How Can AI be Used for Social Good? Key Techniques, Applications, and Results

Speaker Name: 
Milind Tambe, Professor of CS & Industrial and Systems Engineering, USC and Co-director of CAIS Center for AI in Society
Speaker Title: 
Eric Rice, Associate Professor of Social Work, USC and Co-director of CAIS Center for AI in Society
Start Time: 
Thursday, January 26, 2017 - 1:30pm
End Time: 
Thursday, January 26, 2017 - 3:05pm
UCSC - Engineering 2, Room 506
TIM280S Social Computing & Communities Seminar (Seminar on People, Technology & Society)

Discussions about the future negative consequences of AI sometimes drown out discussions of the current accomplishments and future potential of AI in helping us solve complex societal problems. At the USC Center for AI in Society, CAIS, our focus is on exploring AI research in tackling wicked problems in society. This talk will highlight the goals of CAIS and three areas of ongoing work. First, we will focus on the use of AI for assisting low-resource sections of society, such as homeless youth. Harnessing the social networks of such youth, we will illustrate the use of AI algorithms to help more effectively spread health information, such as for reducing risk of HIV infections. These algorithms have been piloted in homeless shelters in Los Angeles, and have shown significant improvements over traditional methods. This will be the major portion of the talk. Second, we will outline the use of AI for protection of forests, fish, and wildlife; learning models of adversary behavior allows us to predict poaching activities and plan effective patrols to deter them; we discuss concrete results from tests in a national park in Uganda. Finally, we will focus on the challenge of AI for public safety and security, specifically for effective security resource allocation. We will discuss our "security games" framework -- based on computational game theory -- has led to decision aids that are in actual daily use by agencies such as the US Coast Guard, the US Federal Air Marshals Service and local law enforcement agencies to assist the protection of ports, airports, flights, and other critical infrastructure. These are just a few of the projects at CAIS, and we expect these and future projects at CAIS to continue to illustrate the significant potential that AI has for social good.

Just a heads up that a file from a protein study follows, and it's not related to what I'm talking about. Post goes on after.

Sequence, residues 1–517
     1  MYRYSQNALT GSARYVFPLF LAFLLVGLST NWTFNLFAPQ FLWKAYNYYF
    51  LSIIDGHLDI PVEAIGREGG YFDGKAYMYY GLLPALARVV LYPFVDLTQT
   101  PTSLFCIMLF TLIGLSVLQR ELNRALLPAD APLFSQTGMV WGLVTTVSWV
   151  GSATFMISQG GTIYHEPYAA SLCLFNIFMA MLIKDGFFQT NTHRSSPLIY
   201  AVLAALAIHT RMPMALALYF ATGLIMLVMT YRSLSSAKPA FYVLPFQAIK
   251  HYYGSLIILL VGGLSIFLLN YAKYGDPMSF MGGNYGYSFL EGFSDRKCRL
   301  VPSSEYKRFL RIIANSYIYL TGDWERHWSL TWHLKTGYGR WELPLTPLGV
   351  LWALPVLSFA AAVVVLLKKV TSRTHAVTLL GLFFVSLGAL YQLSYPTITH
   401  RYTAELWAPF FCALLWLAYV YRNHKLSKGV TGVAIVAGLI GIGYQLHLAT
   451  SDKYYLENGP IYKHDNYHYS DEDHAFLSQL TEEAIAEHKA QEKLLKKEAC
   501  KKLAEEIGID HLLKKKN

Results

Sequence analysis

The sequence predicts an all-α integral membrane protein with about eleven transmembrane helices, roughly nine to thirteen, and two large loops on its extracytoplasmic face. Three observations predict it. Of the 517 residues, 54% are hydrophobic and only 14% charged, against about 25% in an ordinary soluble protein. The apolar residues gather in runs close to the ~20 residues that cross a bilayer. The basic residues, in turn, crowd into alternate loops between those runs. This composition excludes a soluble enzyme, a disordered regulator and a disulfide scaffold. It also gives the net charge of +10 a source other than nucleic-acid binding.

Milind Tambe is Founding Co-Director of CAIS, the USC Center for AI for Society, and Helen N. and Emmett H. Jones Professor in Engineering at the University of Southern California(USC). He is a fellow of AAAI and ACM, as well as recipient of the ACM/SIGART Autonomous Agents Research Award, Christopher Columbus Fellowship Foundation Homeland security award, INFORMS Wagner prize for excellence in Operations Research practice, Rist Prize of the Military Operations Research Society, IBM Faculty Award, Okawa foundation faculty research award, RoboCup scientific challenge award, and other local awards such as the Orange County Engineering Council Outstanding Project Achievement Award, USC Associates award for creativity in research and USC Viterbi use-inspired research award. Prof. Tambe has contributed several foundational papers in AI in areas such as multiagent teamwork, distributed constraint optimization (DCOP) and security games. For this research, he has received the influential paper award and a number of best paper awards at conferences such as AAMAS, IJCAI, IAAI and IVA. In addition, Prof. Tambe pioneering real-world deployments of ''security games'' has led him and his team to receive the US Coast Guard Meritorious Team Commendation from the Commandant, US Coast Guard First District's Operational Excellence Award, Certificate of Appreciation from the US Federal Air Marshals Service and special commendation given by LA Airport police from the city of Los Angeles. For his teaching and service, Prof. Tambe has received the USC Steven B. Sample Teaching and Mentoring award and the ACM recognition of service award. He has also co-founded a company based on his research, Avata Intelligence, where he serves as the director of research. Prof. Tambe received his Ph.D. from the School of Computer Science at Carnegie Mellon University.

Eric Rice is an expert in social network theory, social network analysis, and the application of social network methods to HIV prevention research. Rice is committed to community-based participatory research. Rice has an interest in conducting work on HIV prevention with high risk adolescent populations. He has worked closely with many community-based organizations over the past seven years, working primarily on issues of HIV prevention for homeless youth and impoverished families affected by HIV/AIDS. Rice has served as an external reviewer for Los Angeles County's Office of AIDS Programs and Policy and has conducted program evaluation and consultation with organizations working with homeless youth and high risk adolescents. His closest community collaborators are My Friend's Place, a drop-in center for homeless youth in Hollywood, and The Division of Adolescent Medicine at Children's Hospital LA. Rice's current work focuses on developing an online social networking, HIV prevention program for homeless youth funded through a grant from National Institute of Mental Health. It brings social network theories and models to bear on the social problems faced by homeless youth and families affected by HIV/AIDS.